Cash flowed unhindered to autocratic African leadersImage: picture-alliance/dpa
May 17, 2011
The EU is under fire for spending billions on projects that failed to boost democracy in North Africa. Can it make good on a promise to change its ways?
The European Union is under fire for squandering billions on autocratic regimes in North Africa and the Middle East while failing to boost democracy.
A report by Open Europe, a think tank, says the EU did not enforce its demands for reforms in return for ever greater funding and direct aid to the region.
"The EU has spent over 13 billion euros between 1995 and 2013 on funding in the region but it consistently put [its own] security ahead of democracy," says Pieter Cleppe of Open Europe. He says vast flows of cash went to regimes that "the European Commission had itself criticized for being corrupt."
"There was no system of checks and balances," he added.
Michael Emerson, of the European Policy Centre in Brussels, concurs, explaining that prior to the Arab Spring, the EU had opted for stability in the region rather than striving for change.
"The EU has not acted according to its own principles of supporting democratic reform. They bought into the arguments of Mubarak, Ben Ali and others that their leadership should be supported as the bulwarks against Islamic fundamentalism," he said.
Rhetoric vs. reality
In an example of this contradictory policy, the EU agreed in 2004 to provide some 100-150 million euros ($140-210 million) in annual aid to Egypt on condition that Cairo pursue economic and democratic reforms. Yet even when that pledge was glaringly violated during elections in 2005 and later again in 2010, the EU uttered not a squeak and the aid continued.
"There's a huge disconnect between our rhetoric and the reality," said Ana Gomes, a Socialist member of the European Parliament from Portugal. "While we have talked up our role in promoting democracy and human rights, we've been in the business of supporting dictatorships."
One of the most scathing findings is that over one third of EU funding went directly into government coffers in the form of so-called budget support.
In 2009, the report says Egypt and Tunisia received a combined total of 169 million euros in budget support, representing around 80 percent of the EU's overall funding for those countries. This, despite Commission demands that any recipient should meet "strict" criteria on good governance and administration.
"We know now that those demands were not met and that [deposed Tunisian leader] Ben Ali was able to personally enrich himself with EU money, as were others," said Cleppe.
Waste without a trace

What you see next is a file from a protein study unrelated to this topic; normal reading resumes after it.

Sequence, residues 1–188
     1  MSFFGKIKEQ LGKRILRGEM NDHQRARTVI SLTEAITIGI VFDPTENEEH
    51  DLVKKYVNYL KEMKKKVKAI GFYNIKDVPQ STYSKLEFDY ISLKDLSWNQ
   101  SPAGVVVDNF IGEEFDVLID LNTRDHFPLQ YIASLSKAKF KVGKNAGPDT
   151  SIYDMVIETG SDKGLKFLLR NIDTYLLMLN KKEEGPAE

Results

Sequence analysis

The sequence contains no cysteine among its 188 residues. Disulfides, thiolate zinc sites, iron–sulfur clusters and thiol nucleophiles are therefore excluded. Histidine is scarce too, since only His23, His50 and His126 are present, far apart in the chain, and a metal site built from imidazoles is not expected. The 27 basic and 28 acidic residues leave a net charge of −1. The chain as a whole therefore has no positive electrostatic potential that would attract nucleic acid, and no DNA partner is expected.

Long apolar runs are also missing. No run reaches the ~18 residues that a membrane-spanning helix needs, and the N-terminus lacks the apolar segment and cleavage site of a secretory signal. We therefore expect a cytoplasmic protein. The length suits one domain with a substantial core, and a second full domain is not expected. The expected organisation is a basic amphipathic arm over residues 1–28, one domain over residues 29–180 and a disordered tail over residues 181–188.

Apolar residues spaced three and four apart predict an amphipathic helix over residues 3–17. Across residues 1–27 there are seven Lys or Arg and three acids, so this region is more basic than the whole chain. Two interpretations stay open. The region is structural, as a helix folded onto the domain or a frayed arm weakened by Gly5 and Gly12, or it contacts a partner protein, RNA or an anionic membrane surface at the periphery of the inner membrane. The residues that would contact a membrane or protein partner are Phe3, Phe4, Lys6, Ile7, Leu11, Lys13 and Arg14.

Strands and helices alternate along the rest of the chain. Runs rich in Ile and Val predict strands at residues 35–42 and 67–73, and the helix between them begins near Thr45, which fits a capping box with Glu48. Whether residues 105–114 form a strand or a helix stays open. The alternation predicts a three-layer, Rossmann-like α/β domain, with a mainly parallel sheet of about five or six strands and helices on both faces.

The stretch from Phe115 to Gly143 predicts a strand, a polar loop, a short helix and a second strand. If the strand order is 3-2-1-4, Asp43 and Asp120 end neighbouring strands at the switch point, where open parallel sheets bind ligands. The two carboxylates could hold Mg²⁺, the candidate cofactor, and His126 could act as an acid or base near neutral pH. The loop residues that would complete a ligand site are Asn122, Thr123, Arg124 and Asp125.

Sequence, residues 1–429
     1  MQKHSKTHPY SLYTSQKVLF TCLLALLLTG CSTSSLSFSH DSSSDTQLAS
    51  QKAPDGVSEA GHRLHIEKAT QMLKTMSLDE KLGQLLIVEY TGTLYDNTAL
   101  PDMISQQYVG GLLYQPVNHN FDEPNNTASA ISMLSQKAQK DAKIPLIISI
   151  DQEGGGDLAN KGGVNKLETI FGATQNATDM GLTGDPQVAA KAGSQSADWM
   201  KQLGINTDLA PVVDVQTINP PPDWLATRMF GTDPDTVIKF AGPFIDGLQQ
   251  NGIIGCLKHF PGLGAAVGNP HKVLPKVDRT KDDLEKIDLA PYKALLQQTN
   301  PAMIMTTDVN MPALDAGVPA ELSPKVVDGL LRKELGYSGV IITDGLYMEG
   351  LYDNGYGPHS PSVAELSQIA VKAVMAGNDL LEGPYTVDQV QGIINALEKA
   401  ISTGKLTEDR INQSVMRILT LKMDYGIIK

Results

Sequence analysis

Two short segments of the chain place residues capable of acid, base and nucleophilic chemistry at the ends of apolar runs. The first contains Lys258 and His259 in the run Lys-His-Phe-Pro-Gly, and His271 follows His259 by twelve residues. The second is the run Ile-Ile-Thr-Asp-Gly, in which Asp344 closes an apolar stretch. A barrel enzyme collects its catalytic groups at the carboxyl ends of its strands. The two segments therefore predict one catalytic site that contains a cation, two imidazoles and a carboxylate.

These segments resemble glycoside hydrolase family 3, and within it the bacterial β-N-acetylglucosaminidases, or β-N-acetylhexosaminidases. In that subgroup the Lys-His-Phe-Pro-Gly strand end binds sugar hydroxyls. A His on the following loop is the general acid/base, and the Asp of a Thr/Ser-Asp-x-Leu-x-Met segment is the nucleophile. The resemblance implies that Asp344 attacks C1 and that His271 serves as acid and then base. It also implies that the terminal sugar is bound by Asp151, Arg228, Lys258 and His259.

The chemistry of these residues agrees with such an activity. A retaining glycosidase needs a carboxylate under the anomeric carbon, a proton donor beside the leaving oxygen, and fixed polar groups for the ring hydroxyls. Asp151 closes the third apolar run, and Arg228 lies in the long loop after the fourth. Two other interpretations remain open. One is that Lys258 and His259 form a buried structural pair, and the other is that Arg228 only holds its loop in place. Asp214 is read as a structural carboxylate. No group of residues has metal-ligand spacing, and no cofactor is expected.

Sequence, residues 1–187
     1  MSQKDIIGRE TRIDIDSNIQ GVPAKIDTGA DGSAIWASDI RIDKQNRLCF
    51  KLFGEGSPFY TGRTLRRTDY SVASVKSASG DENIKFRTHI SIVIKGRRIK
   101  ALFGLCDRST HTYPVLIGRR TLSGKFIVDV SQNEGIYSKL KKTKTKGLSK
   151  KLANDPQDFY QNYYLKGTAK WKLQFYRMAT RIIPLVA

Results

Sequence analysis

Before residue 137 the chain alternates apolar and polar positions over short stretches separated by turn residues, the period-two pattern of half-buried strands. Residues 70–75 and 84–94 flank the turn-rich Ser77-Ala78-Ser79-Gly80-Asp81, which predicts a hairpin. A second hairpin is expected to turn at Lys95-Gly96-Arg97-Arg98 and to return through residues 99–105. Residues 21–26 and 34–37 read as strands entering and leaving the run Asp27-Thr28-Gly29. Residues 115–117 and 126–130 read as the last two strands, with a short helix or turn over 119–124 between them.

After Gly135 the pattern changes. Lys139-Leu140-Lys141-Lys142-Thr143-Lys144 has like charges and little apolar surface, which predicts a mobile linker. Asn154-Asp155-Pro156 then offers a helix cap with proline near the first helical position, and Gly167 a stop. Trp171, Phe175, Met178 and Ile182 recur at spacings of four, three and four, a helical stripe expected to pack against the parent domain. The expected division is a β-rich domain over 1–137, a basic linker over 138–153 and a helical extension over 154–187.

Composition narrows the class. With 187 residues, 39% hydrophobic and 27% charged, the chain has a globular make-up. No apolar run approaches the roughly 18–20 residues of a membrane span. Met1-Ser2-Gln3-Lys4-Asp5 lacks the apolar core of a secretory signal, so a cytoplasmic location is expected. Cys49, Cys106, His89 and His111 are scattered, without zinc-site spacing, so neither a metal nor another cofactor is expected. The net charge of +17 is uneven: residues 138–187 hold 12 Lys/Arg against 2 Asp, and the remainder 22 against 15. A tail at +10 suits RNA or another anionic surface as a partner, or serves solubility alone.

Jan Techau, the director of Carnegie Europe, agrees there was a "lot of waste" and that much of the EU's funding vanished without a trace.
"There's no doubt this happened a lot. The problem for the EU is that it's really hard to find counterparts in these countries other than the governments," he said.
"There was really very little the EU could do, as it could not really coerce those governments, nor could it just cut the money as then everyone criticized it for not doing enough."
The European Commission has defended its record, by pointing out that it was "the first to acknowledge the shortcomings of our policy" earlier this year, when revolts spread from Tunis to Cairo.
But it has sharply rebuffed claims that no money was spent on funding civil society groups, calling the report a "caricature of our policy."
Stefan Fule, the EU's Commissioner for Neighborhood Policy, admits that the EU "often felt frustrated by the lack of political reforms… and violation of human rights […]. However, the serious shortcomings of a government do not justify isolating a population, punishing its youth and leaving it only in the hands of despots or dictators."
Michael Emerson of CEPS adds that it was not the Commission but EU member states that had willingly turned a blind eye. "The Commission would have liked to have been more corrective but was told by European capitals that it should keep out."
Turning the page
The Commission is now preparing a full review of its neighborhood policy, taking into account the "lessons learned" from the Arab Spring. "We're working on more conditionality and working more with civil society," said spokeswoman Natasha Butler.
Carnegie's Jan Techau says he is hopeful that the "grandiose failures" of the past may now be redressed. "The big difference is that there are more receptive governments who are really interested in change in their own countries, take Egypt and maybe Tunisia. So the idea of conditionality can work again as you are working with people who want change themselves," he said.
However, the review has been delayed time and time again amid reported squabbling between Fule and the EU's foreign policy chief, Catherine Ashton, who reportedly disagree on the direction that the overhaul should take.
Author: Vanessa Mock, Brussels Editor: Martin Kuebler